"Don't you realize? The next time you see sky, it'll be over another town. The next time you take a test, it'll be in some other school. Our parents, they want the best of stuff for us. But right now, they got to do what's right for them. Because it's their time. Their time! Up there! Down here, it's our time. It's our time down here. That's all over the second we ride up Troy's bucket."
Before we jump into this "historic" journey that is the 2010 NBA finals (the equivalent of two billionaires fighting for $1,000,000), let's give proper respect to your favorite team that's not your favorite team: The Phoenix Suns.
This movie match-up thing is close to it's breaking point (and we are all thankful we only have one left), but this one just might be optimistic enough to work. Getting some pleasantries out of the way: Nash looked like Sloth after getting hit in the eye, but is Mikey to the death. Amar'e is Corey Feldman. Grant Hill is Oscar-worthy in the Josh Brolin role of older brother who's not sure if they're allowed to be doing this. Leondro is Data and I guess Dudley gets requests for the Truffle Shuffle? Steve Kerr is Mikey's dad, ignoring his son's desire for stability and only thinking business. And whoa: Phil Jackson is Ma Fratelli.
Whatever, this is not about how they match up to the movie, this is about the feeling you first got watching Nash on the Suns and about how that era might be ending.
I don't know if kids still go to their friend Dave's house on a rainy Saturday to watch The Goonies for the first time, but they totally should. Because that's a seriously great movie memory to have. Seeing that movie at a time when I spent most non-school days traipsing through brooks, alleys and the backyards of strangers was perfect. Bouncing around what I thought to be unexplored, and perhaps toxic, areas with friends was revelatory, so watching kids in a movie do the same (and then actually find treasure and for-real bad guys) was remarkable—what I imagine it's like for chicks in high school rock bands to see Josie and the Pussycats for the first time. Or something.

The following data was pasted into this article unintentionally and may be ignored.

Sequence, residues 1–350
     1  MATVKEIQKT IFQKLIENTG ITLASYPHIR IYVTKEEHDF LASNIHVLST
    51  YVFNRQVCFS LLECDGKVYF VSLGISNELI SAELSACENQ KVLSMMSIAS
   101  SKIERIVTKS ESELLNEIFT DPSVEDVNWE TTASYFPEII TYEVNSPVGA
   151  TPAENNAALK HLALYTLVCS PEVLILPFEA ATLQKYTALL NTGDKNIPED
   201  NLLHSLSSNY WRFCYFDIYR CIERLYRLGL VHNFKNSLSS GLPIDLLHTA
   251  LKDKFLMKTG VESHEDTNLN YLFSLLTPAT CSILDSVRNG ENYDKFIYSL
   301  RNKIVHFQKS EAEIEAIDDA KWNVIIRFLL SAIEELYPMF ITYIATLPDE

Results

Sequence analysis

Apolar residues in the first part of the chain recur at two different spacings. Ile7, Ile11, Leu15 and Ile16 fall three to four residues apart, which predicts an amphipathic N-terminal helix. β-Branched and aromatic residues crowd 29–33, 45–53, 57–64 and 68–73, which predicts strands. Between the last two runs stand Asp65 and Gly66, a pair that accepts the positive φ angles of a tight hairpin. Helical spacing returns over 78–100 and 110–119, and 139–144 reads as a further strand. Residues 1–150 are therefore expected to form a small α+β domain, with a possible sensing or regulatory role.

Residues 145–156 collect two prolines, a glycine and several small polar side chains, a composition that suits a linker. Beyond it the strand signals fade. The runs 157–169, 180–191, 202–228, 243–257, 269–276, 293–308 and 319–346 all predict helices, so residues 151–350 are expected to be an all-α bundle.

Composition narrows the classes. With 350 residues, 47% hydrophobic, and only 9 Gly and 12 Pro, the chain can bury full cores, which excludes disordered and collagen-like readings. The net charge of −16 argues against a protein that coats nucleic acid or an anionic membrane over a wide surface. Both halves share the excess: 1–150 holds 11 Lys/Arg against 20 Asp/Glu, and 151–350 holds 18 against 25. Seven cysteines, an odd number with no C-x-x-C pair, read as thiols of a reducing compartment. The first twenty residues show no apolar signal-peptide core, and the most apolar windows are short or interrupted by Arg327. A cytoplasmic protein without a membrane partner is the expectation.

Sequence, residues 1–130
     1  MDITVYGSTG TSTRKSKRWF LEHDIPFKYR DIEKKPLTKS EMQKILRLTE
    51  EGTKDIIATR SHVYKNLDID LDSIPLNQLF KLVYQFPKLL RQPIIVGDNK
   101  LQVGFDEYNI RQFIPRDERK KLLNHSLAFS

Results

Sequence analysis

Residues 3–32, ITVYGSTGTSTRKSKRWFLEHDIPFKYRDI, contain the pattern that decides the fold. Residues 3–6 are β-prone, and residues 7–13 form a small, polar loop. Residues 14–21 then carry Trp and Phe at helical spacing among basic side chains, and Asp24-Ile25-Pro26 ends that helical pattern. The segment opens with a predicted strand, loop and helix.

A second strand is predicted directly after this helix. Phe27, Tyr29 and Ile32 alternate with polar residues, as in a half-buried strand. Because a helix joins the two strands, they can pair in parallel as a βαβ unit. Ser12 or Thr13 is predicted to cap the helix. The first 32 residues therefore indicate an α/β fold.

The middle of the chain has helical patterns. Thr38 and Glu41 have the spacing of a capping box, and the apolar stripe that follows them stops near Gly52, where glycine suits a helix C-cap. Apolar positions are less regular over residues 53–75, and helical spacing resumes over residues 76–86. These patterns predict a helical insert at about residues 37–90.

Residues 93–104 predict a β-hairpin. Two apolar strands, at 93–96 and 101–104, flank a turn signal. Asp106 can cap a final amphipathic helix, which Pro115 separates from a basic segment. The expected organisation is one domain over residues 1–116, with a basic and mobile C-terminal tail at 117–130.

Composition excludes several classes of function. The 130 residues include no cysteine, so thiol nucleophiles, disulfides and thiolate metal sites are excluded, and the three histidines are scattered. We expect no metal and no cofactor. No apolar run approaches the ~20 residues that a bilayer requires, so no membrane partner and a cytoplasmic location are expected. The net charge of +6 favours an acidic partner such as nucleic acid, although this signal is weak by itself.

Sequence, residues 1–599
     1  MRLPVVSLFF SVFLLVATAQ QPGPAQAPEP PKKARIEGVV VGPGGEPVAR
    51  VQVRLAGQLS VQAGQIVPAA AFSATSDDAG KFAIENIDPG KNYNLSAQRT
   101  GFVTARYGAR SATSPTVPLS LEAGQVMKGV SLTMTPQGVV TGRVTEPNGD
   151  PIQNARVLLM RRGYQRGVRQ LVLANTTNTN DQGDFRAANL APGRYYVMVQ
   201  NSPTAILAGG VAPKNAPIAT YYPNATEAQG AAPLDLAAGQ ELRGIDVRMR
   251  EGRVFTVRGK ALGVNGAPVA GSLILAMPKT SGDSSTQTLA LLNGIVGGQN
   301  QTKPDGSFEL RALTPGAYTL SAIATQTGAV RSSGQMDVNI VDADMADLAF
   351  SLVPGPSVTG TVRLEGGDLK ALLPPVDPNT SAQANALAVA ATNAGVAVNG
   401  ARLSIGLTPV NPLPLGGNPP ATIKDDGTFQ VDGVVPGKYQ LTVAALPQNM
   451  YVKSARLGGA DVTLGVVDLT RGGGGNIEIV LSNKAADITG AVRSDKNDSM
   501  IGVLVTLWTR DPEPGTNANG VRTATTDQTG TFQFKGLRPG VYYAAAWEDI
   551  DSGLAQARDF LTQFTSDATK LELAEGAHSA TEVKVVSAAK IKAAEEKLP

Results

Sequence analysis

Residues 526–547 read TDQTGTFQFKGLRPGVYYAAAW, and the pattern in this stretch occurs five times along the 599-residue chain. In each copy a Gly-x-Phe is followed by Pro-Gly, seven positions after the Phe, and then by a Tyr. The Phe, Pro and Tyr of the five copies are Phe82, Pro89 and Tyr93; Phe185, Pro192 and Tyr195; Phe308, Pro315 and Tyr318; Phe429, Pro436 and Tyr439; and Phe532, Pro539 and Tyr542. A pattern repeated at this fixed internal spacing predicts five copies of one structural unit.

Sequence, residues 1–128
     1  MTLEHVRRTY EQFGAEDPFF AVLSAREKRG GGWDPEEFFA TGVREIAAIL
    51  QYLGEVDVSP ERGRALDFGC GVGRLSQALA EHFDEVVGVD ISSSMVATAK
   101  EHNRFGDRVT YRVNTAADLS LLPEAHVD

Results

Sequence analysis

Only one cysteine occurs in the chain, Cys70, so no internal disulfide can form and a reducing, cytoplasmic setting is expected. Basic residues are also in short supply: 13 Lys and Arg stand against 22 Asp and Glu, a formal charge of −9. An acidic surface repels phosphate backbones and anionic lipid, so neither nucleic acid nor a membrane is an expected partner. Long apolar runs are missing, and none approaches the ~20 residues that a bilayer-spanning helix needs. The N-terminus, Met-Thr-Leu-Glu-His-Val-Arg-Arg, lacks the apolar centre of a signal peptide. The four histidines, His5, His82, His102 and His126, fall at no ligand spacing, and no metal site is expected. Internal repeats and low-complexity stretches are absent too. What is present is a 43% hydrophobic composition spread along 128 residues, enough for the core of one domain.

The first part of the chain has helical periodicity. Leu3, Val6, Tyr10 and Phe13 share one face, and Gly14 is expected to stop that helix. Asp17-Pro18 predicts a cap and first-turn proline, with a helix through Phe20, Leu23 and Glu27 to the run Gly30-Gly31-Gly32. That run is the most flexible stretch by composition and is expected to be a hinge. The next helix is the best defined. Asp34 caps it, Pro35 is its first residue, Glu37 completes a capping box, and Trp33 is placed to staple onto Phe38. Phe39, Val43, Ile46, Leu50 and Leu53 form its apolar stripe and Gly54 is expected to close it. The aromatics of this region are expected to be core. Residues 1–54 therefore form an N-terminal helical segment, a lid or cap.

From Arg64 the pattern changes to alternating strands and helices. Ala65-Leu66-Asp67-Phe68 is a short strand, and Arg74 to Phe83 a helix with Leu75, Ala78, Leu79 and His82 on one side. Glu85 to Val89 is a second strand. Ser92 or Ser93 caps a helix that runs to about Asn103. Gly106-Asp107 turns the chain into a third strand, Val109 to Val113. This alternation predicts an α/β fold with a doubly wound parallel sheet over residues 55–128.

Watching Nash in his first year on the Suns was similar in that it changed how I viewed the world. Him and D'Antoni took the two things I love most about the game I love most—dunks and three-pointers—and tried to execute them as often and as quickly as possible. They played so fast that you never even had the chance to think, "Gosh, I'd love to see an alley-oop now"—because they'd already done it twice. They were valiantly trying to rescue the League from the oppressive "Defense wins championships" salvo preached by teams like the Spurs and Pistons. And it looked like victory was a reality.
But then they had a few heartbreaking playoff series (looking at you 2007 Spurs series), and chatter about whether the Seven Seconds or Less style could actually trump defense in the playoffs got way too loud and we all panicked. The air was rank with depression and we could all feel the end's cold breath on our necks. Defeat seemed certain when D'Antoni left and the Suns signed Shaq six seasons after the thought of running with the Diesel on the floor was anything other than delusional.